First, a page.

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Professional Outreach Project 2014: Wyck Historic House, Garden and Farm

The Fellows are hard at work and well on the way to completing a successful Professional Outreach Project (POP) for 2014! Our 2014 POP project is at Wyck Historic House, Garden and Farm located in Germantown in Philadelphia PA. Wyck has a rich Quaker history and was recognized as a National Historic Landmark in 1971. For 250 years Wyck was a working farm and this still continues today, with seasonal produce being sold at a weekly farmers market and at the many festivals that Wyck holds during the summer.

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One of the highlights at Wyck is the historic rose garden, which dates back to the 1820s and contains more than 50 varieties of antique roses. Many of these cultivars were thought to be lost to horticulture until they were rediscovered growing happily at Wyck. Three sides of the property, eac with their own perimeter beds, border the rose garden.  It is the task of the Longwood Graduate Fellows to redesign these beds so that they represent the look and feel of the mid 1820s, and serve as a backdrop, accentuating the rose garden.

Our first task was to visit the American Philosophical Society (APS) in Philadelphia as it holds many of the historical records from Wyck. We discovered plant lists from the 1800s, including many articles detailing flowering bulbs, various fruit trees, and herbs. All of our research helped to inform the new plant palette and design for the perimeter beds, which will be installed at the end of September.

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We will also be providing two benches, which will fit the Quaker style of the garden and house. These will be installed directly in the beds, and will serve as a great resting spot on a hot summers day.

We have recently completed writing a grant to the Stanley Smith Horticultural Trust that included a request for funds for the repair of several of the historic wooden structures at Wyck. The wooden structures are currently being used to house tools and equipment. The grant would also be used for the purchase of new tools and equipment for Wyck. The grant was submitted in mid-August, with an expected decision being made by early December. Until then, we are all keeping our fingers crossed!

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Another component of the project is the development of display labels for the historic rose collection, as well as interpretive signage for the historic rose garden and the perimeter beds. We are working closely with Wyck staff and designers at Longwood Gardens to develop copy and layout for the signs.

Stay tuned to see how our final month progresses, and if you’re in the area, why not pay a visit to Wyck, and come smell the roses.

The Delaware Center for Horticulture: Urban Greening and So Much More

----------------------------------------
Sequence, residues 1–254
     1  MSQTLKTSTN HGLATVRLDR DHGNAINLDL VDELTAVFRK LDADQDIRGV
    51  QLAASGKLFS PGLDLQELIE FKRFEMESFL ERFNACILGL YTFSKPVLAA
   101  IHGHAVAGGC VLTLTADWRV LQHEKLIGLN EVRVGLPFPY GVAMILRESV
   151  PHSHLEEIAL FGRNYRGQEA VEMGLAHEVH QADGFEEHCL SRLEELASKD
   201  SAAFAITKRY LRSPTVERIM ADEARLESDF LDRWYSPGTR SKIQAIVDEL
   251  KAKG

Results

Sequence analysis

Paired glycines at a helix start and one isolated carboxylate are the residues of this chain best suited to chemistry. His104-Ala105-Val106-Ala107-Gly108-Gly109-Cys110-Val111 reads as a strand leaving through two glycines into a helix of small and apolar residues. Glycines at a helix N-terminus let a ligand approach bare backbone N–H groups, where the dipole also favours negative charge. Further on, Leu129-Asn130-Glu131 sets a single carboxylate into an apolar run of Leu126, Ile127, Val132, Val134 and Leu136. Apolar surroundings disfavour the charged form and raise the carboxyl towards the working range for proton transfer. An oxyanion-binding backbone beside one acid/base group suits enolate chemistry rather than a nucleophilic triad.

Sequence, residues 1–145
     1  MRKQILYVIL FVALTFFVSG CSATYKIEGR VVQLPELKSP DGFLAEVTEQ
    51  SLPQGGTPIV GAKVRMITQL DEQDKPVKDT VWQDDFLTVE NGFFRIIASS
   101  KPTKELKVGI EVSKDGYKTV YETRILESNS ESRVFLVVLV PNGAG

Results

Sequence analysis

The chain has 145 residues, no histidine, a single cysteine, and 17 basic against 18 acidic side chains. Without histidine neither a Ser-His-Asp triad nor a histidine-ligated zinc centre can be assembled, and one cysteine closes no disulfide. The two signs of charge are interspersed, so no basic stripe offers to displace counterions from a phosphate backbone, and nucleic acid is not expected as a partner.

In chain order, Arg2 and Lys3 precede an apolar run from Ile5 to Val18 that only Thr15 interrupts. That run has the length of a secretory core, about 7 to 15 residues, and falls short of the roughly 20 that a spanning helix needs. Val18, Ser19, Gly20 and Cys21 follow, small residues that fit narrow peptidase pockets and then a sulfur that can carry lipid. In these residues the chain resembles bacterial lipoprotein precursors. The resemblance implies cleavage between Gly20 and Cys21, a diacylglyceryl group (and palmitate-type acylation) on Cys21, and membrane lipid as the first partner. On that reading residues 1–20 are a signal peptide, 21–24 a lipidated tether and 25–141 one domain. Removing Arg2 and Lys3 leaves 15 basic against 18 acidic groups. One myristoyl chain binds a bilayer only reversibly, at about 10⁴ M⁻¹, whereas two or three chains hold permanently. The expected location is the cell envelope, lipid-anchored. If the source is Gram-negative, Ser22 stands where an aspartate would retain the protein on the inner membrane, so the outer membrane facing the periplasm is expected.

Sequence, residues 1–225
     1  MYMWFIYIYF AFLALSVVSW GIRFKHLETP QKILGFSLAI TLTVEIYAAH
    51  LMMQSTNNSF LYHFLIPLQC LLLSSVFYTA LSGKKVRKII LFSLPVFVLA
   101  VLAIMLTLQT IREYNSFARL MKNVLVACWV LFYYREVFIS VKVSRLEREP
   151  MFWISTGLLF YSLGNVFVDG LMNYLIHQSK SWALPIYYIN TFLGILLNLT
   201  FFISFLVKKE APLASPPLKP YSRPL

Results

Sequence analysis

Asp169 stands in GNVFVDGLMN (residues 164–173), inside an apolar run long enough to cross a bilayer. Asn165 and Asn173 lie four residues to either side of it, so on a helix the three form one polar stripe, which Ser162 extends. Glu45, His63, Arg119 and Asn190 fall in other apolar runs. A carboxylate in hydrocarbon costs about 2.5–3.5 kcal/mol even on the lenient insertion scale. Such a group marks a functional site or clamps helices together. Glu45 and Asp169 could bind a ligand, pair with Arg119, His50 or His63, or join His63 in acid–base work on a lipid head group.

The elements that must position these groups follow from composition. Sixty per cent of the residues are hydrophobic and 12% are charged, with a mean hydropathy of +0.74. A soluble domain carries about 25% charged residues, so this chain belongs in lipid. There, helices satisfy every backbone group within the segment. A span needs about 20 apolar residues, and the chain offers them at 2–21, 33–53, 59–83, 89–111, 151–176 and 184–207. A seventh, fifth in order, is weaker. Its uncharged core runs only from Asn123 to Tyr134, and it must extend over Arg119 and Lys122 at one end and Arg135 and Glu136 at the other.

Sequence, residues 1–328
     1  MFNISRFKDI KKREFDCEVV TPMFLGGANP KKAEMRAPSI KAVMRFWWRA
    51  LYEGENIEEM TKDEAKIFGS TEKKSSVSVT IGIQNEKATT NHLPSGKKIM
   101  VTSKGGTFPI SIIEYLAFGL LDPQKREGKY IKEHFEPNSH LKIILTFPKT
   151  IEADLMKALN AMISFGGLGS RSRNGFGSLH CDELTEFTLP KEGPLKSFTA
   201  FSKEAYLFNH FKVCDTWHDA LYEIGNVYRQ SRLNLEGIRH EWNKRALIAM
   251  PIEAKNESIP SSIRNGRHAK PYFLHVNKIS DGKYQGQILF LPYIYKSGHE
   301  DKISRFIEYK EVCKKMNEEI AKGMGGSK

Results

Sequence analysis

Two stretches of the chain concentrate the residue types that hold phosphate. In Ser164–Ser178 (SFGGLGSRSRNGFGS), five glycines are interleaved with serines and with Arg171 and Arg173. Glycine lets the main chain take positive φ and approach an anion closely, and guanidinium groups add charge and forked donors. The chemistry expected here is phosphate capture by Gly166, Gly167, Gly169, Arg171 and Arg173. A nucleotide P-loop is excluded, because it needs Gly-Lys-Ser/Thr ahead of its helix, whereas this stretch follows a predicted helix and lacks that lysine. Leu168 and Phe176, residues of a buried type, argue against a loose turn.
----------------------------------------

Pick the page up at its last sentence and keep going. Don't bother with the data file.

Friday, August 8 was a gorgeous, sunny day in northern Delaware and perfect for the First Year Fellows to visit The Delaware Center for Horticulture’s (DCH) headquarters and greening projects throughout Wilmington.

DCH Garden'

Stone railings from a former Wilmington bridge accent the DCH headquarters garden

The DCH is a multifaceted organization involved in projects that include park improvements, life skills and job training, local prisons initiatives,  youth development and gardening experience, and of course, environmental and economic improvements in public landscapes. The Fellows met with Ms. Pamela Sapko, Executive Director, and Mr. Lenny Wilson, Associate Director of Development. Despite the construction of a $3.5 million green renovation and expansion to the buildings, the offices were relatively quiet. Ms. Sapko and Mr. Wilson said this is not uncommon—not because The DCH staff isn’t busy, but because their work is often out in the “field.” The field being the entire state of Delaware, with an emphasis in and around Wilmington.

Mr. Wilson took the Fellows on a driving tour of spaces where The DCH has worked on projects, including the a variety of right-of-way areas, an ACME parking lot, and several community gardens.

Burton-Phelan Garden

l to r: Lenny Wilson, Hazel Brown, Stephanie Kuniholm, Fran Jackson, Andrea Brennan, Keith Nevison

A reprieve from blocks of row houses exists on the corner of 10th and Pine Streets.  What is now the Burton-Phelan Garden was once a space used for illegal dumping and drug trafficking. The Fellows were lucky enough to meet Hazel Brown, 87, the garden coordinator. She was working at the garden with a group from Habitat for Humanity, who had just installed an attractive cedar fence on the backside of the garden. An inspiring person, Hazel recently began working with The DCH to tame the garden as it had become unruly over several years.

12th and Brandywine Urban Farm